The Encyclopedia of Fantastic Victoriana
by Jess Nevins
Ozmar the Mystic (1896)
copyright © Jess Nevins 2022
Ozmar the Mystic: A Novel and its sequel, The Prince’s Diamond (1898), were written by Emeric Hulme-Beaman. Hulme-Beaman (1865-?) was a traveler and novelist.
Ozmar the Mystic is a standard Theosophist fantasy about the titular character, a mystic living in Europe. Ozmar and the novel’s main character, Sir Frederick Roy, are called on to help Prince Loris, ruler of the Germanic country of Rivânia, resolve his troubles. The novel begins when Frederick’s daughter Esther becomes involved with Leslie Blair, a gambler and scoundrel. Blair seems to exercise an unholy attraction for Esther, who detests Blair but still agrees to marry him. She soon reveals to her father that she continually hears the words “You must marry Leslie Blair” ringing in her ears, and that unless she obeys them they always haunt her. Science and medicine can do nothing to help her and she begins to sicken. Roy encounters Ozmar at a party, and although Roy doubts Ozmar’s abilities, despite positive demonstrations of their existence, Roy asks Ozmar for help in finding a cure for Edith. Twenty years previously Roy’s father loaned the destitute Ozmar enough money to continue on his way to India, and Ozmar is happy to repay the favor to Roy. Ozmar helps Edith, but then Prince Loris arrives and asks for Ozmar’s help in rescuing Vassya, Loris’ lover, who has been kidnapped by Karamoff, a Rivânian in the employ of the Russians. Eventually, Ozmar succeeds in recovering Vassya, and the novel ends happily. In The Prince’s Diamond Ozmar helps a Rudolf Rassendyll-like character in a Ruritanian setting (see: The Prisoner of Zenda).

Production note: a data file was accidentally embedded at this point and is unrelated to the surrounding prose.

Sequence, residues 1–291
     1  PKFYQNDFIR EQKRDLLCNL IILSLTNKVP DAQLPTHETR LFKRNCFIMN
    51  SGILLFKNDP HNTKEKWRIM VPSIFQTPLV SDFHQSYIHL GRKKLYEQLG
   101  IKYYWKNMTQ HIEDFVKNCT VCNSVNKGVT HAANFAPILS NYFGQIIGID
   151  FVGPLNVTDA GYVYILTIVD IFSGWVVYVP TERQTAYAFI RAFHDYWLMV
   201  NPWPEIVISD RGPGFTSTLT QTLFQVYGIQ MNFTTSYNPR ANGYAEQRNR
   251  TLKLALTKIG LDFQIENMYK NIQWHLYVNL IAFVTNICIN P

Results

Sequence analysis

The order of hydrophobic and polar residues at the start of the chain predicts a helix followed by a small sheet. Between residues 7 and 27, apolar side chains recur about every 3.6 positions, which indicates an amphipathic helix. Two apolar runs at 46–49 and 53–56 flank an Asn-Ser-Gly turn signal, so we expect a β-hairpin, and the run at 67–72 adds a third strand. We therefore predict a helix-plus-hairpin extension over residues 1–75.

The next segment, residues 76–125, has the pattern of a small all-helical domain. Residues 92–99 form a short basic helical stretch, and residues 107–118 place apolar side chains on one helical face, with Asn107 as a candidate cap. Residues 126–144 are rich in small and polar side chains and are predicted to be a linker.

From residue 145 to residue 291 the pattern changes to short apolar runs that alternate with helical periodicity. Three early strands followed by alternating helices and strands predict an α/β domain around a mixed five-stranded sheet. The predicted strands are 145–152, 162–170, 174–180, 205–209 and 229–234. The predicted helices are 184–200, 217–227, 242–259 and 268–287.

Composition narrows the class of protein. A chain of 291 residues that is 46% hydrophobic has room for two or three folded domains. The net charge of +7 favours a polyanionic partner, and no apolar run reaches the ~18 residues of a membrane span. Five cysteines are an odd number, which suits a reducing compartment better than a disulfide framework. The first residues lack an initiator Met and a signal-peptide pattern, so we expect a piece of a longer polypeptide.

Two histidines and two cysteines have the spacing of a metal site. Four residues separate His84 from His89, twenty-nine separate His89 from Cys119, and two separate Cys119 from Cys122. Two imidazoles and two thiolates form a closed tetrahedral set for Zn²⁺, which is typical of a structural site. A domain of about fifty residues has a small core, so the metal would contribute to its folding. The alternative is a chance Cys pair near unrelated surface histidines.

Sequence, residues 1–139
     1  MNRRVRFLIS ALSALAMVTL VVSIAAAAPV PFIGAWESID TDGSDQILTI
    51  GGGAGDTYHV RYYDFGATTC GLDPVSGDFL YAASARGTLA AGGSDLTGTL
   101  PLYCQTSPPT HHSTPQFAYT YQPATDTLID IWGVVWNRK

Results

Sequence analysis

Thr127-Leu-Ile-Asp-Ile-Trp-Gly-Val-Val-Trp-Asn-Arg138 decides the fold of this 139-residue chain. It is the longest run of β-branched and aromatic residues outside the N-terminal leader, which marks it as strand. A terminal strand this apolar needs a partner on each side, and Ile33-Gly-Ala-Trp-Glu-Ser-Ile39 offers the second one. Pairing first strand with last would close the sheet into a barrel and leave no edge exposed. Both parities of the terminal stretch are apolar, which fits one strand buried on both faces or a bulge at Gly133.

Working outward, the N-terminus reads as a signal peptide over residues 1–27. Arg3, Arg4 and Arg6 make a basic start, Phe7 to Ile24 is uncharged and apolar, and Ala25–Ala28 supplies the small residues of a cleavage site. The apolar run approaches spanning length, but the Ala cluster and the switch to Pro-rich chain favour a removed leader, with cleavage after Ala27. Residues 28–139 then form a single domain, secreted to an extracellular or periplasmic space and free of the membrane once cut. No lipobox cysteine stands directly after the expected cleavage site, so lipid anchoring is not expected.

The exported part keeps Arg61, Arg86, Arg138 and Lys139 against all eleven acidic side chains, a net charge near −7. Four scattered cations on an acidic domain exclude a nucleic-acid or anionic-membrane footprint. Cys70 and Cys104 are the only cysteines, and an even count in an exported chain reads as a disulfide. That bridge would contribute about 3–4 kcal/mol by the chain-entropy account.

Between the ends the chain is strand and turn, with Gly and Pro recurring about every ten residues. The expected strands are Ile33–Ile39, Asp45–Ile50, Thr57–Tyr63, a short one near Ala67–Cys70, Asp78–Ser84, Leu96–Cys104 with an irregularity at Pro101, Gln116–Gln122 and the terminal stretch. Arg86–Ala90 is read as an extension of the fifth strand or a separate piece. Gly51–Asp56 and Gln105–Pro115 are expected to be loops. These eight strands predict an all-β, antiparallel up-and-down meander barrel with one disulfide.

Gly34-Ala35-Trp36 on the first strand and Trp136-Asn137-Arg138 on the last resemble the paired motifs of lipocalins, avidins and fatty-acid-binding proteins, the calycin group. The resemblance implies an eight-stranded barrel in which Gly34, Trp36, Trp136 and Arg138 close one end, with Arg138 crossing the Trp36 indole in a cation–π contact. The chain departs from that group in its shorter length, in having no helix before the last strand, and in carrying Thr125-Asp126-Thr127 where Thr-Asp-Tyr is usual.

Ozmar is undistinguished. Hulme-Beaman tells the story in a older, more formal, and drier style than the more readable commercial prose of the 1890s. The plot is extended far beyond what it should have been, and there are numerous, uninteresting, didactic, pseudo-religious and pseudo-philosophical passages. Frederick Roy is not as much of a duffer as he could have been, but his role in the novel is to play the gawking, overly-materialistic Briton who is constantly amazed by the powers which Ozmar displays. The reader’s hopes that Rivânia will prove to be an interesting version of Graustark (see: Graustark) or Ruritania (see: The Prisoner of Zenda) are quickly dashed, and whatever humor is to be gotten from the bluster of Prince Loris quickly vanishes. The scene in which Roy and Ozmar meet the disguised Prince Loris is an unimaginative replay of the scene in “The Adventure of a Scandal in Bohemia” in which Holmes and Watson meet the King of Bohemia, although Vassya is no adventuress, but rather an innocent “in the hands of a most unscrupulous villain.”
However, the character of Ozmar is of some interest. Like Rosa Praed’s The Brother of the Shadow, Ozmar the Mystic is heavily influenced by Bulwer Lytton’s work, especially Zanoni, and Ozmar is in many ways an updated version of Zanoni and Margrave from Bulwer Lytton’s A Strange Story. But previous works which had Theosophist sorcerers as lead characters inevitably had them come to sorry ends. Ozmar the Mystic is one of the first works to take Bulwer Lytton’s occult fantasy formula and retain the Theosophist ideology while adding a more straightforward adventure fiction element. Ozmar anticipates the heroic sorcerers of twentieth century fantasy fiction. Ozmar is clearly the hero of Ozmar the Mystic. Unlike most nineteenth century sorcerer protagonists, Ozmar is not a grave-robbing anti-hero (see: Guy Fawkes), nor is there a final revelation that his powers come from a deal with Satan (see: The Wizard of the Mountain). Ozmar instead is a superpowered mystic action hero–a Theosophist superhero of sorts, one in a line of fictional superpowered Theosophist do-gooders in the nineteenth century.1
Print: Emeric Hulme-Beaman, Ozmar the Mystic: A Novel. London: Bliss Sands & Co., 1896.
1 Nevins, Evolution of the Costumed Avenger, 134-136.